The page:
History’s Appuhn Wins Prize for Book on Renaissance Venice’s Sustainability Efforts


The American Historical Association has awarded NYU’s Karl Appuhn, an associate professor in the Department of History, its 2010 Herbert Baxter Adams Prize for A Forest on the Sea: Environmental Expertise in Renaissance Venice (Johns Hopkins, 2009), which chronicles Venice’s efforts to manage its natural resources.

History’s Appuhn Wins Prize for Book on Renaissance Venice’s Sustainability Efforts
The American Historical Association has awarded NYU’s Karl Appuhn, an associate professor in the Department of History, its 2010 Herbert Baxter Adams Prize for A Forest on the Sea: Environmental Expertise in Renaissance Venice (Johns Hopkins, 2009), which chronicles Venice’s efforts to manage its natural resources.

The American Historical Association has awarded NYU’s Karl Appuhn, an associate professor in the Department of History, its 2010 Herbert Baxter Adams Prize for A Forest on the Sea: Environmental Expertise in Renaissance Venice (Johns Hopkins, 2009), which chronicles Venice’s efforts to manage its natural resources.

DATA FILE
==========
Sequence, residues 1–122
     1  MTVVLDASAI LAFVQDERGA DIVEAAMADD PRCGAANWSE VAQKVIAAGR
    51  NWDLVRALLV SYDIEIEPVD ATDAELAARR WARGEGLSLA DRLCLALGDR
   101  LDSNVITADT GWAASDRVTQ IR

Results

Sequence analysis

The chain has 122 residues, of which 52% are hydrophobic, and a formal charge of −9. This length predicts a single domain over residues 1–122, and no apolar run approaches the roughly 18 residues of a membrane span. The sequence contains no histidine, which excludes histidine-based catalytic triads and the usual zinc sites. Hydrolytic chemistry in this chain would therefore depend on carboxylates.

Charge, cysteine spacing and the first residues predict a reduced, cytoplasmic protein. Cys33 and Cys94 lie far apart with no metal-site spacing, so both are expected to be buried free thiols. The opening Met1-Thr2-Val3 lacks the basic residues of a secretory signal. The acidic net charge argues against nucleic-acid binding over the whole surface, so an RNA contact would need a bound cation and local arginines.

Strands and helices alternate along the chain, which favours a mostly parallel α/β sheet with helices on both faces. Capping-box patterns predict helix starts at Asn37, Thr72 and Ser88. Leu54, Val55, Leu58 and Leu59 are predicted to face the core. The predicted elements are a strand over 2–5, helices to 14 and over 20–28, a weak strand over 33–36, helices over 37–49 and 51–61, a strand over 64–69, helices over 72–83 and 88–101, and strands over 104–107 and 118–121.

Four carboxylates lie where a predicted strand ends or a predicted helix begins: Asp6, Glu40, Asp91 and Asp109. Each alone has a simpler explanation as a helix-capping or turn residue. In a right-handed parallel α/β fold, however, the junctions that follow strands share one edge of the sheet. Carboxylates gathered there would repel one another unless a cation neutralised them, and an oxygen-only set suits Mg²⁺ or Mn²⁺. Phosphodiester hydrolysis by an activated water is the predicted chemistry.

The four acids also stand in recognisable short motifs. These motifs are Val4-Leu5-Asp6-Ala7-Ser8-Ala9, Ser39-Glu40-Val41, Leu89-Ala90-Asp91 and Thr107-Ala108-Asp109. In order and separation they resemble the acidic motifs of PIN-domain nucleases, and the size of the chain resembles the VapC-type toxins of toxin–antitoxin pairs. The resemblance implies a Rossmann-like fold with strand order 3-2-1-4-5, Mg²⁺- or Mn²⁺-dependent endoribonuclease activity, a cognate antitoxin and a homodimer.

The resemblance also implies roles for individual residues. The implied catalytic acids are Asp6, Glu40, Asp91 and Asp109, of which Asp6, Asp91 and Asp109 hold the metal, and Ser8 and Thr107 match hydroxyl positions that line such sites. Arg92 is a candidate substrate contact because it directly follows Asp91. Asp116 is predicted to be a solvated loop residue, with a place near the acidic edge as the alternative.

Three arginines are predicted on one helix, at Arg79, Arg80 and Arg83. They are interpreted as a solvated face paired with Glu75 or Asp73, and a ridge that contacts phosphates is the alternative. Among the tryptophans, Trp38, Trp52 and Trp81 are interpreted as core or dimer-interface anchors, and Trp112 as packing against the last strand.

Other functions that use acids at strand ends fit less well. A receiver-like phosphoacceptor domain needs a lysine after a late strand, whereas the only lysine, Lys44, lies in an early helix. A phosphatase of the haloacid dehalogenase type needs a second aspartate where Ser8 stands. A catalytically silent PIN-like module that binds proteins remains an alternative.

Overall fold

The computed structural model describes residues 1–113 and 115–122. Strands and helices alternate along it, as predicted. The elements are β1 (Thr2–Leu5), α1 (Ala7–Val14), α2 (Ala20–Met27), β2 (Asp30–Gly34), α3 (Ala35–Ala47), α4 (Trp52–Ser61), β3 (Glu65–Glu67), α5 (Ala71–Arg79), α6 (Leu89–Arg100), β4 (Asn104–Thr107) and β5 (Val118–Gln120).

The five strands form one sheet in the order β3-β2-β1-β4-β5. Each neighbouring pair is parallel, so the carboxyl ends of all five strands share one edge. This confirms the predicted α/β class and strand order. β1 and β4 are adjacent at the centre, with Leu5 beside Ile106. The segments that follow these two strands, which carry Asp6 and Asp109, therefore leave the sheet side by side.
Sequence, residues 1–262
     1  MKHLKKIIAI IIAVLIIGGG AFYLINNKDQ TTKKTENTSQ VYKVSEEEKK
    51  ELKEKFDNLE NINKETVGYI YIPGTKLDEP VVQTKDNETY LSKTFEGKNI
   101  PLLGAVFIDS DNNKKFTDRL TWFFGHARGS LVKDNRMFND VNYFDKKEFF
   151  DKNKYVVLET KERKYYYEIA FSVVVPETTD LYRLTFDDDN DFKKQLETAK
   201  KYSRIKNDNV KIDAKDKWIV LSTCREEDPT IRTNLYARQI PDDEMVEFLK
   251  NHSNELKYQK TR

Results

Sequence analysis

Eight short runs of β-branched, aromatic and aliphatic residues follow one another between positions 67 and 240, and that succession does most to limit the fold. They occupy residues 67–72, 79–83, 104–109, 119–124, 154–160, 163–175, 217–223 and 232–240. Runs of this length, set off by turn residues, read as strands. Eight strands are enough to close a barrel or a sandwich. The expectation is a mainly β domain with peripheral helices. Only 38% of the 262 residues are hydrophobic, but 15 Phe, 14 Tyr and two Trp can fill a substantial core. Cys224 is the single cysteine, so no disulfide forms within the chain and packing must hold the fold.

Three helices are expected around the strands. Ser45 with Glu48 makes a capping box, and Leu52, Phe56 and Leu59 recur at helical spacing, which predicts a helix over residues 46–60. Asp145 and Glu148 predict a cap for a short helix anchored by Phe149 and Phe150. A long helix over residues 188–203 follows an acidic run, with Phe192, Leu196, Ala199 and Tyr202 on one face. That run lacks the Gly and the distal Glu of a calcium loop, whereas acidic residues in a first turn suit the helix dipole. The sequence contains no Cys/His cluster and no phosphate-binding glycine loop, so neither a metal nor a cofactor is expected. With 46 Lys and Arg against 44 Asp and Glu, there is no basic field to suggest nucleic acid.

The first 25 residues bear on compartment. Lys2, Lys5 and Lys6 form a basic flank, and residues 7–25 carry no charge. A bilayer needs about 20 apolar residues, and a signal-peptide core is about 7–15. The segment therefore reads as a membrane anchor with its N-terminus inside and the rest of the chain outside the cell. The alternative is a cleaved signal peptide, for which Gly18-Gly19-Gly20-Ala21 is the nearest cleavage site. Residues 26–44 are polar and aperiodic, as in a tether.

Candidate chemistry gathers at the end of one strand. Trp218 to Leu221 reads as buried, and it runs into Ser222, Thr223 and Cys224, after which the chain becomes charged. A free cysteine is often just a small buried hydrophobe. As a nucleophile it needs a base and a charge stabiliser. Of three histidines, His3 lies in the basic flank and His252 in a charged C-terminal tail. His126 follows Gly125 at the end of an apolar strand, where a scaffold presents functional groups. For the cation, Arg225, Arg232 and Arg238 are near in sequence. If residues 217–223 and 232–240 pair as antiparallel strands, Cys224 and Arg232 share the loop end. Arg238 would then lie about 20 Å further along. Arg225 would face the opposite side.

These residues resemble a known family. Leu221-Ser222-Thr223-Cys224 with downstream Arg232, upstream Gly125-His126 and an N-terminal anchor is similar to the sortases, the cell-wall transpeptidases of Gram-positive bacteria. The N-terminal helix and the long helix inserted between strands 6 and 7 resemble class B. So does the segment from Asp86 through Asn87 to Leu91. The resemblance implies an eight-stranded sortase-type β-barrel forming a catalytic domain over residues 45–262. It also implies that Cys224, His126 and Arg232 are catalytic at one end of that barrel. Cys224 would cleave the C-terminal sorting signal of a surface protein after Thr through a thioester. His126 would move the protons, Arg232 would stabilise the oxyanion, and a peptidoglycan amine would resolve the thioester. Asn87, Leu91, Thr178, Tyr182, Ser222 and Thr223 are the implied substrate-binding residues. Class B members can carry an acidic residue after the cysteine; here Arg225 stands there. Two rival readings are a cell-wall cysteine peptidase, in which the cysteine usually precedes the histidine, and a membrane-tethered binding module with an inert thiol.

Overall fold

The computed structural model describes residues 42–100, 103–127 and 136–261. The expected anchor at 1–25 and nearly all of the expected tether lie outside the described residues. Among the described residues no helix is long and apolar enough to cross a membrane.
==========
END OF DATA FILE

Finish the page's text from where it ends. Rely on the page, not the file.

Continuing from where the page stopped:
The prize is given annually to a scholar’s best first book in the field of European history.

Venice needed access to large quantities of wood to build its naval and merchant ships, maintain its extensive levee system, construct buildings, fuel industries, and heat homes. Lacking any forests, the state turned to its mainland holdings for this resource. A Forest on the Sea explores the history of this enterprise and Venice’s efforts to extend state control over its natural resources.

Appuhn explains how Venice went from an isolated city completely dependent on foreign suppliers for wood to a regional state with a system of administering and preserving forests. The state bureaucracy supervised management of its forests, developing a philosophy about the environment—namely, a mutual dependence between humans and the natural world—far ahead of its time. Its efforts kept many large forest preserves under state protection, some of which still stand today.


Press Contact